The decision from Adidas to split from West - otherwise known as Ye - came back in October last year came after the 45-year-old made antisemitic remarks both in interviews and online.
But now, Adidas has to decide what to do with the remaining stock of the popular shoe as the company attempts to turn its fortune around after it abruptly ended its partnership with West and his Yeezy brand, with 400 million euros ($441 million) in lost sales at the start of the year.
Though Adidas is "getting closer and closer to making a decision" on what to do with the sneakers and the “options are narrowing,” new CEO Bjorn Gulden said, as per Associated Press.
He became in charge back in January this year, three months after Adidas terminated it's partnership with Ye.
However, a decision has not yet been reached due to "so many interested parties," he added.
Gulden did not confirm whether the option to destroy the shoes had been ruled out but noted that this is something it is the company is "trying to avoid."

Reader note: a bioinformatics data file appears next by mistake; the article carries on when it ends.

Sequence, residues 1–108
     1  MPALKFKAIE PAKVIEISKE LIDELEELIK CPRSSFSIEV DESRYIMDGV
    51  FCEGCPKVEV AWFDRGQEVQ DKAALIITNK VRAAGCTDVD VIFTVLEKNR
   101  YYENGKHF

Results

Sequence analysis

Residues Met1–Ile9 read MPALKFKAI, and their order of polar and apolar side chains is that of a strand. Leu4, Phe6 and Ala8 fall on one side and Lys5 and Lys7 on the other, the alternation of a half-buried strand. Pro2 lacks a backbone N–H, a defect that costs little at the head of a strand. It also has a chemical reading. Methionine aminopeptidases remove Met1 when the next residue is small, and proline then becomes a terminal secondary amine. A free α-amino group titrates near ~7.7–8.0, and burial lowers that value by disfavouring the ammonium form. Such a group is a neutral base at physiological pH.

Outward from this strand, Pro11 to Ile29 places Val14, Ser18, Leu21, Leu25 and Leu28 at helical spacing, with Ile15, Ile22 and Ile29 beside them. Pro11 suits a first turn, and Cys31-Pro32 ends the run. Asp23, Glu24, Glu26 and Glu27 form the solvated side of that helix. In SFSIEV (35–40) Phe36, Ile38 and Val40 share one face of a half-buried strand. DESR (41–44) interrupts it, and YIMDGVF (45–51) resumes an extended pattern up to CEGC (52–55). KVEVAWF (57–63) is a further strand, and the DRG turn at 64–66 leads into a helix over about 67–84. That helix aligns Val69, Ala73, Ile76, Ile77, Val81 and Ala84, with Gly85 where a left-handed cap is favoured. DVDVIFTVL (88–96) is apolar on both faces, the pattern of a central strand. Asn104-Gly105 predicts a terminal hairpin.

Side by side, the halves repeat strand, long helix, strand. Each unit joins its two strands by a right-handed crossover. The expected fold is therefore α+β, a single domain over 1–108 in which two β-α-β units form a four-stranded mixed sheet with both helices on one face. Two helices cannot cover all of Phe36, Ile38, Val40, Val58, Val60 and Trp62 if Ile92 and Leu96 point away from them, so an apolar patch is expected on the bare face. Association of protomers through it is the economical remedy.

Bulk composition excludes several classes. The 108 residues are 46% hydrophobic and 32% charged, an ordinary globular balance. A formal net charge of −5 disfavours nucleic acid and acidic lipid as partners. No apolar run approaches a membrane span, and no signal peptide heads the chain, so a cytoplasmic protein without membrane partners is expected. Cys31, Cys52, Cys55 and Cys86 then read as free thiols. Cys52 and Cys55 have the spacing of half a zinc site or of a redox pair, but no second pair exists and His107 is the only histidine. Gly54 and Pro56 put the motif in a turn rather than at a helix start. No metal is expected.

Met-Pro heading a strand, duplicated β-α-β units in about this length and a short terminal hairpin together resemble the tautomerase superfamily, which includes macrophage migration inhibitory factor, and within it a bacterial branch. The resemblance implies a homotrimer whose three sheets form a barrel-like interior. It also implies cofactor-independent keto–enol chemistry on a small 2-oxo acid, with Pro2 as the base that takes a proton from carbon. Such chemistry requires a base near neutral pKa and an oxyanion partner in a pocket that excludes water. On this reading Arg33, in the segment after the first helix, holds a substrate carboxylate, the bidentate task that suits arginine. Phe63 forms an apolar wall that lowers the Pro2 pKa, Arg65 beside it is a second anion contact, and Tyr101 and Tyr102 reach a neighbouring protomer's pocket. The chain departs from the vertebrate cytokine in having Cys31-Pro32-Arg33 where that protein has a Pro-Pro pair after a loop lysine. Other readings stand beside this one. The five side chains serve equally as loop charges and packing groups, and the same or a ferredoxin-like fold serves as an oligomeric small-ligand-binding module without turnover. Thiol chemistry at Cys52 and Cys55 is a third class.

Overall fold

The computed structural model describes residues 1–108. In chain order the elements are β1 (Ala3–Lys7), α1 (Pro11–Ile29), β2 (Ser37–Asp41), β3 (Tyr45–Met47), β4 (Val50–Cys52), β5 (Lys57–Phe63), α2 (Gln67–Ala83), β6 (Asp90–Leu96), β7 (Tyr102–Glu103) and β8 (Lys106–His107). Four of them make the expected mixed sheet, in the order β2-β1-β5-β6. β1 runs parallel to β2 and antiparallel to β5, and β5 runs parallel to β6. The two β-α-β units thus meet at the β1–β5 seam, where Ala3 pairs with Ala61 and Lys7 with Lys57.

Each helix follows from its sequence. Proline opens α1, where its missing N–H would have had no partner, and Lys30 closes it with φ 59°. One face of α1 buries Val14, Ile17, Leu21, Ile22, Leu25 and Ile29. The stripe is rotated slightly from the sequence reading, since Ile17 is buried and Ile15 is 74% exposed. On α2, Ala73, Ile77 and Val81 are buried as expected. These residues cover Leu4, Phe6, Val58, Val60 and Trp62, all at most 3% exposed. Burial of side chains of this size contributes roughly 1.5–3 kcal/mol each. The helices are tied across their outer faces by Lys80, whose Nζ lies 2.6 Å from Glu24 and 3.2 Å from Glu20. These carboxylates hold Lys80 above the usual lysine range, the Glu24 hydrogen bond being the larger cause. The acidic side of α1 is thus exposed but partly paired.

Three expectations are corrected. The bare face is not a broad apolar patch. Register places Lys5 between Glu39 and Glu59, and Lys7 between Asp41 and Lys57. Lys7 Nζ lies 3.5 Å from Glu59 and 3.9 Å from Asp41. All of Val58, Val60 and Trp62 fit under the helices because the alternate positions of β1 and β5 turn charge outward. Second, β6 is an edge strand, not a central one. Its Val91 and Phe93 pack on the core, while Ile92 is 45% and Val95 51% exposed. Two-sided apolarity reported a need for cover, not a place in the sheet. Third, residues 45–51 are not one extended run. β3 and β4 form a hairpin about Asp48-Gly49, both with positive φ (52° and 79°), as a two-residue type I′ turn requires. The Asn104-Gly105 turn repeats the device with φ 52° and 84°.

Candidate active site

Meanwhile other options have their own downsides, since selling the shoes would mean Ye would need to be paid royalties, removing brand identification would be dishonest.
Giving the shoes away for free sounds like a nice idea in theory but this could cause them to be resold at a higher market price.
Gulden is also remaining tight-lipped on the exact quantity of stock that is left since he believes if consumer are aware of this number it "could have an impact on demand," as per AP.
The CEO admitted losing Yeezy is "of course hurting us" and if Adidas decides not to sell the remaining shoes, it could reduce earnings by 500 million euros this year.
Net sales declined 1 per cent in the first quarter, to 5.27 billion euros, and would have risen per cent with the Yeezy line, the company said.
As a whole, Gulden described 2023 as a "a year of transition" with "a better ’24 and a good ’25" as the German sportswear business continues without the Yeezy brand.
Elsewhere, Adidas found itself being sued by investors last week who allege the company knew about Ye’s offensive remarks and harmful behaviour years before the termination and failed to take precautionary measures to limit financial losses.
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